where can i purchase clomid online In the last article I described some of the ‘soft’ skills that you should expect to hear when an excellent teacher is talking to his or her students. This time, I will write about a few of the ‘technical’ or ‘professional’ speaking skills that are routinely used by expert teachers and which you will probably notice if you have the chance to visit a classroom. What follows are brief descriptions of five such skills, all of which are based on research confirming their effectiveness in influencing the quality of children’s learning:
1. Teachers praise children’s effort, not their achievement.
source url Rationale: success in any aspect of life is based, at least in part, upon how much effort the individual or team is willing to expend in order to achieve that success. When a teacher praises a child’s achievement it can have the unfortunate effect of saying to the child, “You’ve done everything you need to do, well done”. A child who hears this may therefore lose the motivation to continue. It is much better for the teacher to thank or praise a student for their hard work, thereby conveying the message to the child that further hard work will help raise the child’s level of achievement – which is always true!
2. Teachers do not give feedback to the student in order to provide ‘comfort’.
price of diovan Rationale: At first this idea may seem harsh. After all, we all like to be comforted don’t we? But let’s consider the example of a child who has just performed badly on a test, perhaps an end of term mathematics test. The teacher who says,” Never mind, I know it was a difficult test and you did your best” may seem to be kind, but it’s the wrong sort of kindness! The message the child hears is “I’m not very good at maths and I could not expect to do better.” A child who thinks she cannot do better will certainly not do better in future! The skill of the teacher is to use supportive language to the student while helping her consider how she can do better in future.
3. Teachers use open-ended questions.
Rationale: A fundamental aim of teaching (and parenting) is to help students improve their learning (much more on this in future posts). Open-ended questions are those which imply that there may be more than one answer to a question. An example of an open-ended question is: “What are the likely results of this experiment?”. The effect of open-ended questions is to encourage the child to search for multiple answers, which is how an individual’s learning and the whole of human knowledge develop. The teacher who asks only closed questions such as, “What conclusion did you reach from reading this chapter?” is in effect saying to the student, “There is only one answer to this question and I know what it is.” Closed questions result in closed minds.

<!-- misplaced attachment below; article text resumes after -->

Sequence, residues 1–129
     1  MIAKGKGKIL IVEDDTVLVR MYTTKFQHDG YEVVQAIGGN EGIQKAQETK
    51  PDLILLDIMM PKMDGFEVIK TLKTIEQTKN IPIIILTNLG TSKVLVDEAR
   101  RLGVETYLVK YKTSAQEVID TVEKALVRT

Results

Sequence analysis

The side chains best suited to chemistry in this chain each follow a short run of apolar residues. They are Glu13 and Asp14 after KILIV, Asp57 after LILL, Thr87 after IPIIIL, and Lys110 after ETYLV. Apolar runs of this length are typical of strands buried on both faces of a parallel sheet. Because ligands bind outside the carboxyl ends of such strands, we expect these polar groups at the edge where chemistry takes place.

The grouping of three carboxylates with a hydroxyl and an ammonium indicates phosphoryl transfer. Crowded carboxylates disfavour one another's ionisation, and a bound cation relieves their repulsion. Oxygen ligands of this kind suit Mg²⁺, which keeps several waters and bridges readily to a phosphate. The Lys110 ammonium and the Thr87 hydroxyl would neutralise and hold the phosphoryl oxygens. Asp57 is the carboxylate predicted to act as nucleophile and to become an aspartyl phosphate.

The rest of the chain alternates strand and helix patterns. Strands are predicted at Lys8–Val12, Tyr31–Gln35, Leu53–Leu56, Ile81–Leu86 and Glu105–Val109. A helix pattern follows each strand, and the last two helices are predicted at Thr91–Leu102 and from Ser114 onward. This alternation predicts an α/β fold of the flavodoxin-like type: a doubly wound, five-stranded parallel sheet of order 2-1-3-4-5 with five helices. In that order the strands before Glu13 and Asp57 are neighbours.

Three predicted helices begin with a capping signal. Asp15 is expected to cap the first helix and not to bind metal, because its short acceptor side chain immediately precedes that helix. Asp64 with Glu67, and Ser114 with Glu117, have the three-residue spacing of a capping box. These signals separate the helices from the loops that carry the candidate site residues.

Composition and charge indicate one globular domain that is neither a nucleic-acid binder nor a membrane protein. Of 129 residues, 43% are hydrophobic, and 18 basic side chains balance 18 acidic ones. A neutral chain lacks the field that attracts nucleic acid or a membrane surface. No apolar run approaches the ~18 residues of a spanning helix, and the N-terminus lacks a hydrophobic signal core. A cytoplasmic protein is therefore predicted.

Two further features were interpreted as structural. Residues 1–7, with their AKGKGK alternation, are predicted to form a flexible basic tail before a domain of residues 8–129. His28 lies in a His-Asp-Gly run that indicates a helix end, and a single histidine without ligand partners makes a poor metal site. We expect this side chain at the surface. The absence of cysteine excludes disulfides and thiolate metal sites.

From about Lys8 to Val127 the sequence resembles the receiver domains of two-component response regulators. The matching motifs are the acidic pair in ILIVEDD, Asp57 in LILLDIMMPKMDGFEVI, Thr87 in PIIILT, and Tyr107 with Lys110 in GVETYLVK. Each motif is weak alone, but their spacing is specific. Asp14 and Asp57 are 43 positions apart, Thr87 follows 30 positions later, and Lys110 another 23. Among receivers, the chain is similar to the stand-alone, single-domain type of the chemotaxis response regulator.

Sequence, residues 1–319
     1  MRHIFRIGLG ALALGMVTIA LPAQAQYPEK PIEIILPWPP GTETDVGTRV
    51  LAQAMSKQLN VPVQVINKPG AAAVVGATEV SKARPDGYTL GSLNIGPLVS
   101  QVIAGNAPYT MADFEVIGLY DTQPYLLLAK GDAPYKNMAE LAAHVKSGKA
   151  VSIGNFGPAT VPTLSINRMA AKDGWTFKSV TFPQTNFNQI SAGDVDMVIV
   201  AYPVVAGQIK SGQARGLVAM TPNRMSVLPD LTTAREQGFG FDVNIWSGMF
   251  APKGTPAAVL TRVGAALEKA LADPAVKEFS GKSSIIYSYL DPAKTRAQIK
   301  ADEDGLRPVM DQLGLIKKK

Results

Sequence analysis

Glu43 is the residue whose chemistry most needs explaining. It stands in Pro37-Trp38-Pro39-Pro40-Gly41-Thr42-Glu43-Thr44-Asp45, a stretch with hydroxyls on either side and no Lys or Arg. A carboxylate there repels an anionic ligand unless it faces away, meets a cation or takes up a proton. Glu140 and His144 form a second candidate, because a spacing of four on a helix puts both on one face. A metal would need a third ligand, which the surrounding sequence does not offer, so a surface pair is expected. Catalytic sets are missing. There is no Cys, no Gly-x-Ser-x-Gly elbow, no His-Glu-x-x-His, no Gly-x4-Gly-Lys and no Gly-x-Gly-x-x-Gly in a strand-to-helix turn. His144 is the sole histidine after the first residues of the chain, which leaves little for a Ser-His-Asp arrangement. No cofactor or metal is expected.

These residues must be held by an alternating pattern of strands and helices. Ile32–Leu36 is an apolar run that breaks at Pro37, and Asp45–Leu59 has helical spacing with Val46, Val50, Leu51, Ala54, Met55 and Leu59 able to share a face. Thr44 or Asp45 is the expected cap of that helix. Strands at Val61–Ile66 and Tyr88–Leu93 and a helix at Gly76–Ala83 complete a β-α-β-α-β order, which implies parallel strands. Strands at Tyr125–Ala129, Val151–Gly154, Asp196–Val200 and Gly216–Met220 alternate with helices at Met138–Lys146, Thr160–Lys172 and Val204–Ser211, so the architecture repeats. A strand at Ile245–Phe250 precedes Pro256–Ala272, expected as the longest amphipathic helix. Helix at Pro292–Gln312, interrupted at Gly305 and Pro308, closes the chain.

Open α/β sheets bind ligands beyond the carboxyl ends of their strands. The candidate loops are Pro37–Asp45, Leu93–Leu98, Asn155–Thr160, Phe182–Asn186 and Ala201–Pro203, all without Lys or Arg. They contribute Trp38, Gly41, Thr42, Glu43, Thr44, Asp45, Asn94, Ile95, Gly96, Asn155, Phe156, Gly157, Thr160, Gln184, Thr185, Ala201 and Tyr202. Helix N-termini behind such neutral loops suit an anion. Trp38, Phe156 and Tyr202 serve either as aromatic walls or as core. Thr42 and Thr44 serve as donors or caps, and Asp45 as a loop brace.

4. Teachers use both the “approachable” and the “credible” voices* when speaking to students.
Rationale: The “approachable” or “invitational” voice has a softness of tone and, in the English language as well as some others, may have an upwards inflection at the end of the sentence. This voice invites the children to participate in the discussion and is used by teachers in many contexts including when they want to check with students what they have understood. The “credible” voice has a stern tone and sentences may end with a falling inflection. A teacher is correct to use this when giving firm instructions or in cases of emergency. An extreme example would be the case of giving directions to children during an emergency evacuation. When choosing which voice to use, the key thing for the teacher to remember is that children take more note of the tone of the teacher’s voice than the actual words she uses.
5. Teachers use silence as a means to improve students’ learning.
Rationale: There is nothing wrong with the enthusiastic ‘buzz’ that we often hear in a classroom where children are learning well. But sometimes the old saying ‘silence is golden’ can also true. A good example is when the teacher asks a question to the whole class. The skilful teacher will not allow the quickest student to call out an answer. Instead, she will insist upon a period of silence while all students have the opportunity to think their answers through. This is called ‘wait time’** and its skilful use has been found to improve the thinking of every child.
There are many other speaking skills that are used by excellent teachers, but those I have described above may be of particular interest to parents who ask themselves, “How should I speak to my child?”
*Many of the strategies that we use when working with children and adults are described in an excellent book by Robert Garmston and Bruce Wellman entitled The Adaptive School: A Sourcebook for Developing Collaborative Groups.
** The term “wait time”, known to most teachers, was coined by Mary Budd Rowe in the 1970s. If you are interested to learn more, you will find plenty of information about it on the Internet.
Next time: Three questions that will tell me how well my child is being taught (for parents’ eyes only!).